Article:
It is beyond doubt, according to the prophecy of Isaiah and secular history, that Cyrus was the conqueror of Babylon. (Isaiah 44:26-45:7) However, we read at Daniel 5:31 that "Darius the Mede himself received the kingdom" following the fall of Babylon. Noting the phrase "received the kingdom" and the account at Daniel 9:1 that Darius was "made king," it is evident that he was installed by Cyrus the Great. For a self-proclaimed "king of the four corners of the world" who had conquered the Lydian Empire, Asia Minor, and Babylon, it was not foolish for him to appoint a Mede, whom he treated with respect as his fellow Persian, to rule as a subordinate.
According to the prophecy of Jeremiah, at the fall of the Babylon Empire, the Jews shall return to their homeland and restore pure worship to Jehovah God. (Jeremiah 25:11, 12; 29:10) The Bible also tells us that, it was in "the first year" of Darius' reign that Daniel "discerned" that Israel's captivity in exile was coming to an end. (Daniel 9:1, 2) However, it was not until "the first year of Cyrus the king of Persia" as king of Babylon that he gave the decree to release the Israelites from captivity. (Ezra 1:1-4) All these accounts serve as basis to confidently conclude that Darius the Mede ruled for some time before Cyrus the Great took over as king. But for how long?
In the seventh month of Tishri (modern day October) in 539 BCE, Cyrus and his army invaded Babylon while King Belshazzar was celebrating a great feast in the city. (Daniel 5:1) After skillfully drying up the river surrounding the mighty walls of Babylon, Cyrus and his army entered the city without engaging in battle at all. (Isaiah 44:27) On that very night, the Babylonian king was killed and Darius the Mede was immediately made king, hence beginning his reign as ruler of Babylon. (Daniel 5:30, 31) Based on this account, it can be firmly established that Darius became king of Babylon in the seventh month of Tishri in 539 BCE.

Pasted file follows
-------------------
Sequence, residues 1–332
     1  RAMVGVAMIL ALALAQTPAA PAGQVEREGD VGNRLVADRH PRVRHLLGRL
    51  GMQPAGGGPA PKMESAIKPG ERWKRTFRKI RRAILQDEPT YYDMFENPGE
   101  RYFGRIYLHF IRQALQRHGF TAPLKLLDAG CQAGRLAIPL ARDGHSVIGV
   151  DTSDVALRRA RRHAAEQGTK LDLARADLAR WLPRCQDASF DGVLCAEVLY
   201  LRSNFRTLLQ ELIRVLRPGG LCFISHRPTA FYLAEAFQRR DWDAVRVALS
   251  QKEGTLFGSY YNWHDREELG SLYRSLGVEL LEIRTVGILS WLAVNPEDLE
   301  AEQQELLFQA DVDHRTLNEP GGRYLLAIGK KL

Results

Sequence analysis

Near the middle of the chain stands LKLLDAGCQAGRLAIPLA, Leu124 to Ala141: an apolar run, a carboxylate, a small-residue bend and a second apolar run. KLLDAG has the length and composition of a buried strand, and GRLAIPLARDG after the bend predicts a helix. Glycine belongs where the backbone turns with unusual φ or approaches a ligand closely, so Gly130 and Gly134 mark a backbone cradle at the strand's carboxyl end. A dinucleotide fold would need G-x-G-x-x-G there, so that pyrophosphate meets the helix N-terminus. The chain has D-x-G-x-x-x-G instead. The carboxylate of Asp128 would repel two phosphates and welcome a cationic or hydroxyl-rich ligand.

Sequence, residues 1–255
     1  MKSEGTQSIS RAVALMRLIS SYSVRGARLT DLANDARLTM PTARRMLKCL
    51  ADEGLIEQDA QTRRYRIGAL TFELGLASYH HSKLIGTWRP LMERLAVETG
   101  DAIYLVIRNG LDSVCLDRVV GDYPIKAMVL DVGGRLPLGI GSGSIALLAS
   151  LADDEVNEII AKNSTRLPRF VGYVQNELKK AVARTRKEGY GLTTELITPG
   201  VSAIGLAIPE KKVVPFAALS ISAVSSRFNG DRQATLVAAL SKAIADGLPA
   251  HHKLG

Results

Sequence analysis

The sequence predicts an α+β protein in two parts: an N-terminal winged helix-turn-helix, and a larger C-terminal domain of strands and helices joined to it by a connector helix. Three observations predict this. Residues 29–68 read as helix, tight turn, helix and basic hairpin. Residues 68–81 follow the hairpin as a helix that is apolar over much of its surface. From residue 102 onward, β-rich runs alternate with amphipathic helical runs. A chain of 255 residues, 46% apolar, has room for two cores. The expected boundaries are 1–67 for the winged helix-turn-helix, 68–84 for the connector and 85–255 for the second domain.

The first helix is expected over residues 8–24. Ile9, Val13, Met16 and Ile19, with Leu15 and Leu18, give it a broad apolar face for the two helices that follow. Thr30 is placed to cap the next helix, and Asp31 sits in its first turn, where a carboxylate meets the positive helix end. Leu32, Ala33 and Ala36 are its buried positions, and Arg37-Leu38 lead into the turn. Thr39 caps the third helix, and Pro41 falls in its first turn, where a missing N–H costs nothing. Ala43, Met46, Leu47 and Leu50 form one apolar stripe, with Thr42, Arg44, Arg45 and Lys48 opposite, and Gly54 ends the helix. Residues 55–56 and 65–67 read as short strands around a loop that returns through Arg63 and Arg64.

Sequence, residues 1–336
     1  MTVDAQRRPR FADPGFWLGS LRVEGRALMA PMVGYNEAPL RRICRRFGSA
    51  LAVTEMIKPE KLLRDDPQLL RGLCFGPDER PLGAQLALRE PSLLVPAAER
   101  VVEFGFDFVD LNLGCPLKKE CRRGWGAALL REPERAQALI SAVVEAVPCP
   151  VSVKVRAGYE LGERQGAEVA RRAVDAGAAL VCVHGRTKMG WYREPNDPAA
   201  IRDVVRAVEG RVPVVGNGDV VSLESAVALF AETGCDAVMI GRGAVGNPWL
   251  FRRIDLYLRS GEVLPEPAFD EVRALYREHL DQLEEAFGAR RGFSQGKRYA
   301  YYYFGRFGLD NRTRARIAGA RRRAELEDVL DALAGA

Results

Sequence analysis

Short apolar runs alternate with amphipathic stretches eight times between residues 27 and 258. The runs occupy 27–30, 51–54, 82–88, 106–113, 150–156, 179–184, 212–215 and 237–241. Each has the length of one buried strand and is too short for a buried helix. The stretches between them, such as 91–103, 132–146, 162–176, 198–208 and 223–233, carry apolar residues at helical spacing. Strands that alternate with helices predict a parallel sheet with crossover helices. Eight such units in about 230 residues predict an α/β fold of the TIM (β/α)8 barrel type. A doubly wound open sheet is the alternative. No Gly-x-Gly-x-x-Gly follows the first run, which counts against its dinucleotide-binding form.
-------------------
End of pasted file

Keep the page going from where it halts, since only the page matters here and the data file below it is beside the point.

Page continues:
Considering the fact that Darius had a "first year of . . . reigning" means that he had at least a second year too. (Daniel 9:2) However, by "the first day of the seventh month" of 537 BCE, the Israelites had already arrived in their cities, and had started offering burnt sacrifices to Jehovah. (Ezra 3:1, 6) Noting that organizing a congregation of 49,942 and their animals to trek a journey of four months long would take a considerable time, Cyrus must have decreed the end of the Jewish exile latest by Sivan 537 BCE. (Ezra 7:9; Nehemiah 7:66, 67) Therefore, the 62-year-old Darius' reign must have ended latest by Iyyar 537 BCE, most likely resulting from natural death.
Based on all the above mentioned facts and analysis, it is reasonable to conclude that Darius the Mede reigned as king of Babylon from Tishri 539 BCE to some time between the months of Heshvan 538 BCE and Iyyar 537 BCE, totaling a period of approximately a year and a half.
Veadar is an additional intercalary month added 7 times in 19 years.
April 8, 2014 at 01:36 GMT
Thanks. Doing some research while studying God's precious Word.
December 24, 2014 at 13:46 GMT
I dunno how to ask this without coming off as a bot, prankster or virus.
I need to talk to you.
Are u on Facebook?
December 26, 2014 at 17:15 GMT
Hi Abby. I'm not sure whether "Are u on Facebook?" is what you wanted to ask me. If so, then the answer is no; I guess some of us are a little shy :) Anyway, you can always reach me via email: mic at kwayisi dot org, of course, typing it properly.
December 28, 2014 at 06:41 GMT
Yeah, that is not what I wanted to ask you...lol